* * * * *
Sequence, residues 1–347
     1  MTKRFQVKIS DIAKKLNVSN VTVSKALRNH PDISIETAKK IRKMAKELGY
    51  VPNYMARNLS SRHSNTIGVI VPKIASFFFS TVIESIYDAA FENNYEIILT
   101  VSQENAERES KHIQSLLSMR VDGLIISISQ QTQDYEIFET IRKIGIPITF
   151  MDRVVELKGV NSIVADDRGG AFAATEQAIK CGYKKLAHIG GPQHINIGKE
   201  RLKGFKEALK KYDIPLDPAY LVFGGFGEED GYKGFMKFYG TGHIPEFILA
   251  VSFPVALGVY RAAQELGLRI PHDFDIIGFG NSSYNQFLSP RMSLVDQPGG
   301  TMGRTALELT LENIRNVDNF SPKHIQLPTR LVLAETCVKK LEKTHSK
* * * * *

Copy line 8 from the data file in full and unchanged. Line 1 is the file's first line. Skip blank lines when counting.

   301  TMGRTALELT LENIRNVDNF SPKHIQLPTR LVLAETCVKK LEKTHSK